Tiny clouds of dust explode as corpulent raindrops strike chalky ground.

Rusty sneaks out the back, just as Big Jim walks in the front.

Nancy surveys for remnants of Rusty K. Chambers. "What are you doing home this time of the evening?”

Big Jim rummages through the fridge. "Ain’t we got anything to eat around this place?"

"I was gonna go to the store in the morning."

He stuffs a ten into her hand. "Order something that delivers. Looks like it ain't gonna be much of a night to go out," he wipes rain from his forehead and tromps to the bathroom.

"Daddy, I got a favor to ask. This friend, he's stopping by for a job."

"I told you, they gotta be 21," Big Jim flushes and looks for a towel.

"Well, it's sort of a special case," she croons from the other side of the door. "He's a hard worker, and, he's sort of my boyfriend. And, he plays the guitar…"

"That's funny, we had somebody down today trying to get me to let him play at the bar."

Big Jim sees the plastic applicator atop the trash. It’s ClearBlue, easy enough.

"Tell him to come down and we’ll have a talk." 


Rusty admires himself in the bedroom mirror. "Do you feel lucky, punk?"

He grits his teeth, cocking the cap gun, the orange tip blacked out.


"Stupid, stupid, stupid kids!" Big Jim wipes rain from his face. “Double bourbon."

Chuck pours, worried. Big Jim sticks to beer.

"Make that, two," Larry sits next to Big Jim, still wearing the nametag, plopping a wad of cash onto the bar and yanking a thumb at the poker table. "Amateurs."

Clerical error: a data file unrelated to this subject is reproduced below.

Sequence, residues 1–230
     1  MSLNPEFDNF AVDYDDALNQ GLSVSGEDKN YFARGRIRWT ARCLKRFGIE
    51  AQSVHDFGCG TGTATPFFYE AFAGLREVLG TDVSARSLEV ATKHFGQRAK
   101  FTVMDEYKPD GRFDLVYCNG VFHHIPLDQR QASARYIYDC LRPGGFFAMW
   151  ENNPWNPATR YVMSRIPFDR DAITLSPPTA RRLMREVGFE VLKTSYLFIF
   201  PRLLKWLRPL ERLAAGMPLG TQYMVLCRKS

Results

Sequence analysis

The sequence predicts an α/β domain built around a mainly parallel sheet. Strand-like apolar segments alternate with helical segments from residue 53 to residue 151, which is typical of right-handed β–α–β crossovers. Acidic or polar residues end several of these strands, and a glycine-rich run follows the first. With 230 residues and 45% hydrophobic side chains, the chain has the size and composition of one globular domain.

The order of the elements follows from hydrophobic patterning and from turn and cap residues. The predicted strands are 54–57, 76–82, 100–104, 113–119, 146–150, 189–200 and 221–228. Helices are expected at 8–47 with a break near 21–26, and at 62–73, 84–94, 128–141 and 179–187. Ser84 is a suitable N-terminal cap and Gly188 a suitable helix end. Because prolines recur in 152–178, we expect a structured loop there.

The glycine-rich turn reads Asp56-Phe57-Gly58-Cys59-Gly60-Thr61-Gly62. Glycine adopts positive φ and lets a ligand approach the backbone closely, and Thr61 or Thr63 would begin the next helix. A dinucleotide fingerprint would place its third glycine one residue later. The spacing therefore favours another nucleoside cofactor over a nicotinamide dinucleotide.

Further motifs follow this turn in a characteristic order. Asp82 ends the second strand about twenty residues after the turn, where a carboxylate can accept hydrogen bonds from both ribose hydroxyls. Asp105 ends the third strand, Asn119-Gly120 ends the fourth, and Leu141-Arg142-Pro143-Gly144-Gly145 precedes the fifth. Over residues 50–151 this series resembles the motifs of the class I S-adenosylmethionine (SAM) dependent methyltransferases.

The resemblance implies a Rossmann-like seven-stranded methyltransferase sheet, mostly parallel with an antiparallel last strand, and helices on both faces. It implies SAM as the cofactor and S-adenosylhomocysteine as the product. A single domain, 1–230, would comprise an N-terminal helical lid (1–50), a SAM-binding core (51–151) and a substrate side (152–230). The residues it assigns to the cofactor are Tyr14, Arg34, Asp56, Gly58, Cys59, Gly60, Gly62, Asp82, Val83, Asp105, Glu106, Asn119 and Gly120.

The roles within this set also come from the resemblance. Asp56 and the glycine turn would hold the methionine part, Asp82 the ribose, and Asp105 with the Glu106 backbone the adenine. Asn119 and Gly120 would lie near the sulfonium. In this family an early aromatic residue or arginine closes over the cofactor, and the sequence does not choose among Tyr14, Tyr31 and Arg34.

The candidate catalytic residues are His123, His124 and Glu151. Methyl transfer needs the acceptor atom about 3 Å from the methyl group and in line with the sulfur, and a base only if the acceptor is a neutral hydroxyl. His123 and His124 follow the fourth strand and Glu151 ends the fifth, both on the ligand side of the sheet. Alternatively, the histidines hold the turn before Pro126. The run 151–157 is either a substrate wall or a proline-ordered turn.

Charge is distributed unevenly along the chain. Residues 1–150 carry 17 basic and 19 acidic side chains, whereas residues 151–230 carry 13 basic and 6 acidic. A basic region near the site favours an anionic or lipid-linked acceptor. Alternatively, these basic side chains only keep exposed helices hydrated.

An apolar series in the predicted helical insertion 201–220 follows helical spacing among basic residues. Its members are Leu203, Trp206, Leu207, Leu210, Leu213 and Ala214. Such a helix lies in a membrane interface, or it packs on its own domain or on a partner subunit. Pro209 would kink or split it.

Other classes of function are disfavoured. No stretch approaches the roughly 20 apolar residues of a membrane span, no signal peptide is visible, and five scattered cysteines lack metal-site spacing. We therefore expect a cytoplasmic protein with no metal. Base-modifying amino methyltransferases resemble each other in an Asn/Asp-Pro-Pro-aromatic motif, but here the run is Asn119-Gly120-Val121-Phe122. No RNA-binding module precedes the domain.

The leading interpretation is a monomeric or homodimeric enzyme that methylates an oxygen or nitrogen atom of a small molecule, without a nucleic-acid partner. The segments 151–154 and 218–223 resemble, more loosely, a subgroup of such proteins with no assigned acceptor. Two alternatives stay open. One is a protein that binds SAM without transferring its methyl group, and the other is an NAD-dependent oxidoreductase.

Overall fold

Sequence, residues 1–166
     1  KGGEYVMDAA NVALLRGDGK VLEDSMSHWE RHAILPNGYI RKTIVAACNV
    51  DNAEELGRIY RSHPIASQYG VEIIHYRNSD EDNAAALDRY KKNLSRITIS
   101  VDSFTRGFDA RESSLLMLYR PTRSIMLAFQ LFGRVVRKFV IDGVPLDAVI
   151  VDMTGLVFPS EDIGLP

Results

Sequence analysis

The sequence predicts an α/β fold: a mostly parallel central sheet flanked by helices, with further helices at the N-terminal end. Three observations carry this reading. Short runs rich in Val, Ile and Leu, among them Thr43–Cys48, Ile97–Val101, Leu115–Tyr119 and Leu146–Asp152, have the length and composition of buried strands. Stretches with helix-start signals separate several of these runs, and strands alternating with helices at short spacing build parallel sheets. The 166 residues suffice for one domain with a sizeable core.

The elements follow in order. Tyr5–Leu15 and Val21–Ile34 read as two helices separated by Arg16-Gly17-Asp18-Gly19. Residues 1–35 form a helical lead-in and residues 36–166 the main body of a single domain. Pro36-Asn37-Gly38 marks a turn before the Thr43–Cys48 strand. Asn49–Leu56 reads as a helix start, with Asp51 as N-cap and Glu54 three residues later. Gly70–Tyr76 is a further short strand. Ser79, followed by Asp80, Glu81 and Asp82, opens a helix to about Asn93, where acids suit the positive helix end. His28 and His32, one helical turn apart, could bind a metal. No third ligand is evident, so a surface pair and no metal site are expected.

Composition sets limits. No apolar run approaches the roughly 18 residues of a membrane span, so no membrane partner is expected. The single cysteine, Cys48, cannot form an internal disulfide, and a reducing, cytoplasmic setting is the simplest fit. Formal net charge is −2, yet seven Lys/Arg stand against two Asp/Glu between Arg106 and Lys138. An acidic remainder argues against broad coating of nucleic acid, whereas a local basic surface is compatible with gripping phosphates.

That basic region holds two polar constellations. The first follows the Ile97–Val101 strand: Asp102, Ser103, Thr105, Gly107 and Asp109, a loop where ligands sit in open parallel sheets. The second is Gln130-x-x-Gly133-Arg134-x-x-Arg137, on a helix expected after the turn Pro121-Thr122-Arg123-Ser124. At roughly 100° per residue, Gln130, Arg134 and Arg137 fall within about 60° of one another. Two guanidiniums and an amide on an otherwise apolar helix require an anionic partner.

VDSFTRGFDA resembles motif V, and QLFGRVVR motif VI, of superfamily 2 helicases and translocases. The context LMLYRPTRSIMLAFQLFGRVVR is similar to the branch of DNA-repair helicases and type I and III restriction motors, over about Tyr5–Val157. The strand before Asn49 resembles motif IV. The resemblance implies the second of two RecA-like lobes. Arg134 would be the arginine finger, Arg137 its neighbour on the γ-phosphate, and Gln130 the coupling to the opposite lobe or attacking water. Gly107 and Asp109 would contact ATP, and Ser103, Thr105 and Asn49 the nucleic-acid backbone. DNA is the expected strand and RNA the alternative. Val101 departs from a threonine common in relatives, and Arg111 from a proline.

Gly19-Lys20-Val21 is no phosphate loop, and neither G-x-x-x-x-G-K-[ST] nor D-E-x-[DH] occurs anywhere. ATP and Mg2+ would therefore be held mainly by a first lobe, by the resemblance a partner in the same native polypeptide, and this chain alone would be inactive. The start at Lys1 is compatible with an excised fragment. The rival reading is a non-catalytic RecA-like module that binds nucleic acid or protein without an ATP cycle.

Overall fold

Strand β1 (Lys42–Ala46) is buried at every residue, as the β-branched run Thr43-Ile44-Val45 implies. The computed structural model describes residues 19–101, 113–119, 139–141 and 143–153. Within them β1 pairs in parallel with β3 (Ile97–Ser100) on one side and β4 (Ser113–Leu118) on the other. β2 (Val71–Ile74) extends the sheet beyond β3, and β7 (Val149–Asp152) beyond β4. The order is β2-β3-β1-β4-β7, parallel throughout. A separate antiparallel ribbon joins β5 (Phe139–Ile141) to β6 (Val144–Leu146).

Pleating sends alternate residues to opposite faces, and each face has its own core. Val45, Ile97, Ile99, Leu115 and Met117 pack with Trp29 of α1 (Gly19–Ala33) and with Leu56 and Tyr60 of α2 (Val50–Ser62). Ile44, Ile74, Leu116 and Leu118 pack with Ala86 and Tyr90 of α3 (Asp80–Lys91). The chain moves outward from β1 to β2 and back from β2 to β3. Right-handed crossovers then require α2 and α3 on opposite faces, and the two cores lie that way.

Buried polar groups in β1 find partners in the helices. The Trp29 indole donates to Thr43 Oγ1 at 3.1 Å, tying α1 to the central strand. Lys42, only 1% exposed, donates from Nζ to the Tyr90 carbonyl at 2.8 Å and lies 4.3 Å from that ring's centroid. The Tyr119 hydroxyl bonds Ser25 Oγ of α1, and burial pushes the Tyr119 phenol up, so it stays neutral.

Big Jim stares at the nametag. "Funny how a name can buy the world."

"Oh, shit, I forget it's even on," Larry starts to unpin it, but Big Jim straightens it.

"Keep it on, remind the world of who you are."

"Don’t guess I need a nametag for that. So, James, you got it?"

Big Jim stares at the television, the moment he waits for every Saturday, and pulls the tickets from his wallet. A newscaster stands next to a box of bouncing, numbered ping-pong balls. "And, the first number, a SIX!"  

"This is it, James, the end. You're two months behind."

"And the second, a twenty-two!" Big Jim knows two hits are good enough for a dime if the superball hits.

" Monday. Everybody comes in from out of town on the weekends to float the river, and it's the first of the month." Big Jim looks over Larry's shoulder at the television.

"Thirty-seven," Big Jim grips his ticket.

"Doesn't look like you're getting much float money with this rain."

"Twenty-five," Big Jim gulps.

"I'm going to be glad to see this eyesore tore down.”

Big Jim sees a fifteen roll up and almost faints… Five for five makes 50 grand. He prays, "Forty-two…Forty-two…"

"LOOK AT ME WHEN I'M TALKING TO YOU!" Larry grabs Big Jim by the collars and brings him eye to eye, just as-


Big Jim grips his ticket and headbutts Larry square in the face.

"I'll buy your daddy's bank, shithead.” The world stops, as Big Jim tucks the ticket into his wallet and shoves it in his back pocket.

"You see that door! My door! Walk out it, or go through the wall beside it."

Larry lays his coat across the bar. "Not a good choice, James," he flexes his chest. "It's time somebody put you in your place.”

And, gets a fist right on the nose, and another across the jaw, crumpling.

Big Jim grabs him by the pants. "Your choice."


Big Jim bangs his head on the frame on the way into the rain and the mud.

He sees Jake sitting at the end of the bar and, to the amazement of the crowd, hugs him. "Jake, tell your boy he can play here any night. A bar's gotta have music!"